Queer Mom Chronicles: How I’m Approaching the “Sex Talk”

feature image photo by Alex Tihonov via Getty Images

“Mom, why do people have s-e-x?” my son asks, stopping me dead in my tracks.

If you’re a parent or have regular contact with kids, you know that they will ask you questions that’ll stop you in your tracks randomly. There is rarely any rhyme or reason to it. My kid does this all the time, and I’m never ever prepared for what may come out of his mouth.

“Um, because it feels good,” I say, trying to be casual. I figure if I don’t act like this a big deal, then he won’t act like it’s a big deal.

I can’t say that I’m surprised he’s asking me about sex. He’s almost 10.

“Where did you hear about sex? From one of your friends at school?” I ask. I know some of his friends have older siblings, so it’s not an off-base question.

He shakes his head and says he heard it from something he saw on YouTube. While I monitor what he watches, I allow him to watch shows that are made for adults. If I find it inappropriate, I will tell him to turn it off, and he’s really good about complying. He’s not a sneaky kid, but I will go back and make sure the offensive content is scrubbed from his YouTube account. Also, he’s an only child, and for his whole life it’s been him and adults at home with one TV. He watches shows like The Golden Girls, Bob’s Burgers, Frasier, and King of the Hill with us and he likes watching Family Guy and South Park clips on YouTube. (I do not need any comments on my parenting decisions. I know my kid, and like I said, I will deal with anything I deem inappropriate accordingly.)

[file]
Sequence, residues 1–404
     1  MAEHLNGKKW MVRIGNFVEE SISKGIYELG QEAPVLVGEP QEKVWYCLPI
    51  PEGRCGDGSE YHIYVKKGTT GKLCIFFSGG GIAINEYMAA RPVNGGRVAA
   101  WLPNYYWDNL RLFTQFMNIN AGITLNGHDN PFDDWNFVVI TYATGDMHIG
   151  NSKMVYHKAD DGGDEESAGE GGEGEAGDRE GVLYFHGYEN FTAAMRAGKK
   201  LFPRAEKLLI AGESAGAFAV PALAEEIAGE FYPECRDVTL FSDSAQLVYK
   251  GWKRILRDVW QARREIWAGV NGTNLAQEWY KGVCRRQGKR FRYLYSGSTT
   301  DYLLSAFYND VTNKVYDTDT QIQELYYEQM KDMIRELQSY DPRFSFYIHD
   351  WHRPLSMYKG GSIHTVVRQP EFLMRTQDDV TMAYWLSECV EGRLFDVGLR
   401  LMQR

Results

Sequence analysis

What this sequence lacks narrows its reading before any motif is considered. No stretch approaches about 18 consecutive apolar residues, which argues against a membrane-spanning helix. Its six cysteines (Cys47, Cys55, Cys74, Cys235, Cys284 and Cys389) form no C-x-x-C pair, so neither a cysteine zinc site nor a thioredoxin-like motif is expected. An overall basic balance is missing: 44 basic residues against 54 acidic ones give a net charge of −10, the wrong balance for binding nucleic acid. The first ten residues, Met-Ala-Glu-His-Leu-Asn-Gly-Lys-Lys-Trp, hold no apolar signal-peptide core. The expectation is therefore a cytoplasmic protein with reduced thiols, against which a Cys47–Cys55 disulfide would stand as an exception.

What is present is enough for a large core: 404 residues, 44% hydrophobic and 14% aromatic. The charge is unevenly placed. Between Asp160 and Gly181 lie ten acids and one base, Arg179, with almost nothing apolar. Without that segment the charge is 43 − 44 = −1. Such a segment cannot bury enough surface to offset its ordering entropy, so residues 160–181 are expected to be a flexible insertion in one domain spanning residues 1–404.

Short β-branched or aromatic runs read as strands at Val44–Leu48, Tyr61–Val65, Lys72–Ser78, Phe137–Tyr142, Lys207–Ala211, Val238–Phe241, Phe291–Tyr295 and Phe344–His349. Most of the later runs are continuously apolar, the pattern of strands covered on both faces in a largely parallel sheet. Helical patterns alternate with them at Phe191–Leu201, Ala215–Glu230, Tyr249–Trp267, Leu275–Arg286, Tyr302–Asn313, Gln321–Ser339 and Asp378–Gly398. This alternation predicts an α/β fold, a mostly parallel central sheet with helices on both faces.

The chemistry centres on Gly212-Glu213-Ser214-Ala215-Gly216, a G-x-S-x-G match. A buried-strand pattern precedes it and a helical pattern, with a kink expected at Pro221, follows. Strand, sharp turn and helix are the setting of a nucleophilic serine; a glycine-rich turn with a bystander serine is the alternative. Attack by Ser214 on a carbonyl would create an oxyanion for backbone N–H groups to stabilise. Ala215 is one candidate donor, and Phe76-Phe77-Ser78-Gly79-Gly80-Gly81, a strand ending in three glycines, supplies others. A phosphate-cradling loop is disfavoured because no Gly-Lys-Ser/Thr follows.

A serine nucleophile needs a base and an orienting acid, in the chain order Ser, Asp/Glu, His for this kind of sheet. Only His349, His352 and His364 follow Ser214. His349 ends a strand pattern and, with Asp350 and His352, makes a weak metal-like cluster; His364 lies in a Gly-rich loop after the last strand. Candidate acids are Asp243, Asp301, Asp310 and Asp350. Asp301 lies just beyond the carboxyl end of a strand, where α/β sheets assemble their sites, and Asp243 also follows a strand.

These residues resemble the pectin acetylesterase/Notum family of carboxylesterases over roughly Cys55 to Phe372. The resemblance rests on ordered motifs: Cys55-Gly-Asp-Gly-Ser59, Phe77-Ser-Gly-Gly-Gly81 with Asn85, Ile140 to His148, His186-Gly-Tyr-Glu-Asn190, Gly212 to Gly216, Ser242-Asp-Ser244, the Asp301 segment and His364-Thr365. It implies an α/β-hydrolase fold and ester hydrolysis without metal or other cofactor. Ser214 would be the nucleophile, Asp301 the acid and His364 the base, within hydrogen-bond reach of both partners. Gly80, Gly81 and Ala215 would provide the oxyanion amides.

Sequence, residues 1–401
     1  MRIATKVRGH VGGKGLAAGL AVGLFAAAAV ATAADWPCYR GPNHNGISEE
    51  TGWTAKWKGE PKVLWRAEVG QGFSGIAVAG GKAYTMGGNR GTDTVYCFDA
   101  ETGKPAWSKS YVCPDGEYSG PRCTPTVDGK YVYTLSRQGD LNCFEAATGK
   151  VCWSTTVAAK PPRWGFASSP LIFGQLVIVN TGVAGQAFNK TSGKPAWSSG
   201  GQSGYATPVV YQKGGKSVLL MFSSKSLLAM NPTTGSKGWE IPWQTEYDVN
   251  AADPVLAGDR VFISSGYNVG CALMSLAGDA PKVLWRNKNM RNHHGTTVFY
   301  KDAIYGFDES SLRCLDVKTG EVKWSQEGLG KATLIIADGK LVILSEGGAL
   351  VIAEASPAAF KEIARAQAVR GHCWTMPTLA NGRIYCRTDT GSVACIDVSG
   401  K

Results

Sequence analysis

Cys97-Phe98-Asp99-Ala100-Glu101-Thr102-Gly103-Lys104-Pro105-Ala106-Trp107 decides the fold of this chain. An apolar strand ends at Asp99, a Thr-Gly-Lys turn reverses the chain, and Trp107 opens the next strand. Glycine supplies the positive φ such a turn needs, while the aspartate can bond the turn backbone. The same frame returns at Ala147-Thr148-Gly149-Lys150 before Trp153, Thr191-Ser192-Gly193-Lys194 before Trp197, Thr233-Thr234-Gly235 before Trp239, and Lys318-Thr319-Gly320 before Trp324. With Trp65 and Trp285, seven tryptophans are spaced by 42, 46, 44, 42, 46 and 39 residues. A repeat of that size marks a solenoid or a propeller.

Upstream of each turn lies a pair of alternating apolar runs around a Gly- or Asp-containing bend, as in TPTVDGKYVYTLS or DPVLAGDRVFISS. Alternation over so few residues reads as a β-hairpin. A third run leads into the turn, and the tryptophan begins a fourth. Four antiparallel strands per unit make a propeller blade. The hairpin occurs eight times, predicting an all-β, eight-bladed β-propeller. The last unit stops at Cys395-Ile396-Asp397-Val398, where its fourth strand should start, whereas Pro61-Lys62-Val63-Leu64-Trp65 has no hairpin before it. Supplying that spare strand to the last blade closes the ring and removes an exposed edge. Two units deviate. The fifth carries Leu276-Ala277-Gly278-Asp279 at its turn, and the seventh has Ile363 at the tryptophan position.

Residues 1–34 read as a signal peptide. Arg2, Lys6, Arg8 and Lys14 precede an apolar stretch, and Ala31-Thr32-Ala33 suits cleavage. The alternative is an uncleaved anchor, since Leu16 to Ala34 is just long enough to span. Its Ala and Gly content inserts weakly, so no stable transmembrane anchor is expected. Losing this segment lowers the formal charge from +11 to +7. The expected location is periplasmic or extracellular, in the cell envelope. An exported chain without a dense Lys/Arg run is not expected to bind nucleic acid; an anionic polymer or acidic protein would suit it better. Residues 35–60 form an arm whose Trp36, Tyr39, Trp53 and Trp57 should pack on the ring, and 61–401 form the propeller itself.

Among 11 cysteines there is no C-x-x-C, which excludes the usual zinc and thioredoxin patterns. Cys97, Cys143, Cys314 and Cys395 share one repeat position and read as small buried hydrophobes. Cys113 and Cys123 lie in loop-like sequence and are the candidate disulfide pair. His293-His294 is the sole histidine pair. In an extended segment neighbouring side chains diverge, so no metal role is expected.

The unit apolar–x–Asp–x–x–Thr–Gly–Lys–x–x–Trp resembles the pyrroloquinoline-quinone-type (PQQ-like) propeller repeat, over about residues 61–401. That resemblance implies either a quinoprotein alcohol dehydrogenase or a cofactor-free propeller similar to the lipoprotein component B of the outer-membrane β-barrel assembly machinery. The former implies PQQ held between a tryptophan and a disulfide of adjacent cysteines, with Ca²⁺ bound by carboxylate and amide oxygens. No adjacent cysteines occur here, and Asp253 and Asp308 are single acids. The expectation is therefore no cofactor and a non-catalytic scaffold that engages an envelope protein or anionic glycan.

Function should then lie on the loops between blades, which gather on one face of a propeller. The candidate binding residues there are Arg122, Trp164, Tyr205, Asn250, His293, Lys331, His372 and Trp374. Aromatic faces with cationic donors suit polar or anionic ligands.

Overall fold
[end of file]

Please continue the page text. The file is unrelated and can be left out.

My son is pretty innocent. A few months prior to our conversation, a teacher on the playground brought him over to me because he was making “inappropriate” sounds. It took several hours and lots of tears to get him to admit to his stepmom what kind of sounds he made. He didn’t know the sounds were sexual in nature; he had heard other kids making them first and repeated them. Not only was he incredibly embarrassed, he was scared about getting in trouble. I didn’t get to talk to the teacher, but I would have told her that shaming a child is not the most effective way to make a point. It should have been space for a conversation, not making a kid feel bad. And if she knew my kid, she’d know that she did so much more damage with her approach.

Talking to young kids about sex is uncomfortable and weird and awkward. I have been worrying about having these conversations with my kid since he was about five and asked me where babies came from. The “sex talk” isn’t even just one talk, which is the worst part! You have to meet them where they’re at, which means you have to do it again as their understanding grows. Sex will be no different. What I tell him at nine is going to be a lot more basic than what I tell him when he’s 12 or 13. I can tell you now that I’m not looking forward to it. Not because of the content, but because I have to grapple with the fact that my son is growing up.